Reading a book opens your mind and heart to multiple worlds and perspectives. We like to find the intent behind each book. Why did the author choose to tell this story in this way? What message was the author hoping that the reader would discover? As students, we want to explore literature in the same manner as the authors, with a spirit of novelty and adventure. And so we embark upon each book, anticipating an adventure; with each book we design a unique project that allows us to interact with the story and with our own environment.
This was the first book that we read for our book club. We chose an inspirational quote and created banners for our schoolroom which serve to inspire us for the school year. “Your mind knows that you are going to Song-do. But you must not tell your body. It must think one hill, one valley, one day at a time. In that way your spirit will not grow weary before you have even begun to walk.”
When we finished reading Old Yeller we worked doing chores. Between four of us we raised $75.00. We took this money to the pet store where we studied the dry food options. We learned how to compare the “price per pound” of the various dog and cat foods. We bought 177 pounds of dog and cat food, more than any of us could carry! We delivered this to a nearby animal shelter. The best part was that we were allowed to stay and play with the animals. We wanted to adopt them all!
The complete silliness of these books made us realize how important good literature is for happiness. These books were the basis for our decision to start the Wonderland BookSavers, a program that would give other kids the opportunity to enjoy reading .
We read many, many poems for our book club. Poetry is an excellent opportunity to practice memorization and public speaking. We each recited poetry and learned how to use our voices to reflect the meaning of the words. We used poetry when speaking before the St. Rose School about the opportunity to run a school-wide book drive.
This story about a war-torn country and the need for water led us to have a lemonade-style water stand. We called it Water 4 Water. We sold bottled water at the opening of a local park. We raised $150 with which we were able to buy three water purifiers for three different towns in Ecuador.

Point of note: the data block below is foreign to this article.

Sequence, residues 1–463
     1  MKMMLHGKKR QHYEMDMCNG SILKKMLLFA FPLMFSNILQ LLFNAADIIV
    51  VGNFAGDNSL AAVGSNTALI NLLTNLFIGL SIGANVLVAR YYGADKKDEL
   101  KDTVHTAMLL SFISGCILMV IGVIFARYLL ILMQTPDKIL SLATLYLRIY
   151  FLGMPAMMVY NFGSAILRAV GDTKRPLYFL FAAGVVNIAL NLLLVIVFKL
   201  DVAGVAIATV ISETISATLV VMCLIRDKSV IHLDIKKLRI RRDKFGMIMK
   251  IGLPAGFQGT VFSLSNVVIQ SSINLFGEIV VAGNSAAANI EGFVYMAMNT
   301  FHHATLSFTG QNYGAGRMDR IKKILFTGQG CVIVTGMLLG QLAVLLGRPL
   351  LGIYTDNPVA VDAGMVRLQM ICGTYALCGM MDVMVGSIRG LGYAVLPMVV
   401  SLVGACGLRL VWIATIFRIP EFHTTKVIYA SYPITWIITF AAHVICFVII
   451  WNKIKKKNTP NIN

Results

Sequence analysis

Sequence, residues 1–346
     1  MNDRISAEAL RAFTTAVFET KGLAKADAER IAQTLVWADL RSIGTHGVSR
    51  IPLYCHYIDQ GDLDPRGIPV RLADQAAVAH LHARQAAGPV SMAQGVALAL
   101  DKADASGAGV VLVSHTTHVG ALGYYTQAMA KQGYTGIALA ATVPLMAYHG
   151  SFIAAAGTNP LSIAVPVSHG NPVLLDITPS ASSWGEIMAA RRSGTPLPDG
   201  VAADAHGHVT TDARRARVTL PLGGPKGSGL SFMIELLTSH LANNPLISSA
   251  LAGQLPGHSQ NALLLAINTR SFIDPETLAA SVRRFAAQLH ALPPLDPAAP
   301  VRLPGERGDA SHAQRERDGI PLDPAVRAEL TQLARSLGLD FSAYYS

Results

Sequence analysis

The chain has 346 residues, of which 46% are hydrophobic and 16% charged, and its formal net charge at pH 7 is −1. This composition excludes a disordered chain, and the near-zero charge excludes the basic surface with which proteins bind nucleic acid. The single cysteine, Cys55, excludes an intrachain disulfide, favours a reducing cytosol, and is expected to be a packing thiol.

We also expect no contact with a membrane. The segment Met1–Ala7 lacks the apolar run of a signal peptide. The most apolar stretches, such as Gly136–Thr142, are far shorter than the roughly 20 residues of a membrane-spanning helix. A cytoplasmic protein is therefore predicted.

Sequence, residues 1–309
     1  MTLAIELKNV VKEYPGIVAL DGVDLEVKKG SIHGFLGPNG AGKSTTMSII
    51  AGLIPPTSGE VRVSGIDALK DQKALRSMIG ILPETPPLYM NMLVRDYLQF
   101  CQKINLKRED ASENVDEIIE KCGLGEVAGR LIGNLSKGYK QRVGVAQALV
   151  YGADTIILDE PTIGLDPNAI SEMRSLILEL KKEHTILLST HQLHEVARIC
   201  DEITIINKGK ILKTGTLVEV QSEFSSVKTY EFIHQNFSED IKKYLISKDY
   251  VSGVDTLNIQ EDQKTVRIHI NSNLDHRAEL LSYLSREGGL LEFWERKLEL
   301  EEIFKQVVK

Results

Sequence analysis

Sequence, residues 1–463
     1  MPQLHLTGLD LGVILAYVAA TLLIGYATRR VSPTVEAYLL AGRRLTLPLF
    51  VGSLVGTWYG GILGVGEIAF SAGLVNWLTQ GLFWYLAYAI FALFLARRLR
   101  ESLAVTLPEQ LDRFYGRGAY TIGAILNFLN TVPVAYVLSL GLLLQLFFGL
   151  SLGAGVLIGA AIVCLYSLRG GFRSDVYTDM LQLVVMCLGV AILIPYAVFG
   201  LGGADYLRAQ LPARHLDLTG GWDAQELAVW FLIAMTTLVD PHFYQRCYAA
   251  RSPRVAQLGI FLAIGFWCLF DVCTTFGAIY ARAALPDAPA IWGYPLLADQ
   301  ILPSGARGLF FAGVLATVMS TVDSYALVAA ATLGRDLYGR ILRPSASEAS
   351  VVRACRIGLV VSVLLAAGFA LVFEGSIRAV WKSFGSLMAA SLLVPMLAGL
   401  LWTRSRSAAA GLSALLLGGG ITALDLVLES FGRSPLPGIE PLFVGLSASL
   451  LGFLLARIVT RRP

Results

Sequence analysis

Brooks Morgan made this Poseidon costume for the Destination Imagination Duct Tape Ball.
After reading this book, we chose a quote from Pilgrim’s Progress, by John Bunyan. “You have not lived today until you have done something for someone who can never repay you.” We made banners to hang in our schoolroom and referred to this quote as a guiding principle throughout the school year.
We created our Reading for Kindness program to provide kids with a chance to see, as this author intended, how reading can influence actions and engender greater compassion. See our Contests page for more information.
These stories of life in Asia inspired us to learn to cook some basic Asian dishes. You can read more about our home cooked meal in Maddie’s Blog Post.
Swiss Family Robinson is a wonderful adventure that takes place in the trees. We decided that this book was a great excuse to go to our local Adventure Park and compete in the high ropes course built into the forest. We made it all the way around by ourselves, although some of us were a little scared when we had to swing from one tree top to the next!
Edgar Allan Poe is an obvious choice for Halloween. We read these stories aloud by the fire and shivered with fear! Afterwards we baked cupcakes and decorated them with spider webs and eye balls. Creepy, but still delicious!
We read A Christmas Carol at the beginning of December. We were inspired to make Advent Christmas paper chains. We cut strips of red and green construction paper. Each of us took 25 strips. On one side we wrote quotes from a Christmas Carol. Each quote had to be an example of a literary term: alliteration, metaphor, simile, etc. Then we turned the papers over and stapled them into Christmas chains. We added tiny candy canes. Then we traded with one another so that each day we could tear off a strip and read the quote and be surprised. Finally, we celebrated with a Christmas tea, served in holly-decorated china. Joyeux Noel!
As Christians, we are regular readers of the Bible. For this time period we concentrated on the Gospel according to John and Acts, both from the New Testament. We had long discussions on the differences between “loving our neighbors” and accepting all actions. We decided that just as parents love their children but sometimes disapprove of their actions, so can Christians love all people without accepting all behaviors. We decided that since our faith is the basis of all action, we will include components of our faith throughout our website. We hope our readers will experience these small reflections of grace.
The 21-Balloons is filled with innovation and inspired us to remember that creativity and ingenuity are closely linked. As reviewed by Dr. Emil Shuffhausen, “It is by turns hilarious and innovative, combining science, fantasy, whimsy, and adventure in an intoxicating magma that explodes in an eruption of high drama. “We began our evening with an international meal, 21-Balloon style, with each person making a dish from a country whose name corresponded to their name (Emma – Ecuador, Brooks – Belgium, Reid – Russia, etc.). After dinner we worked on an elaborate Rube Goldberg machine and finally had a mad splash contest in the pool.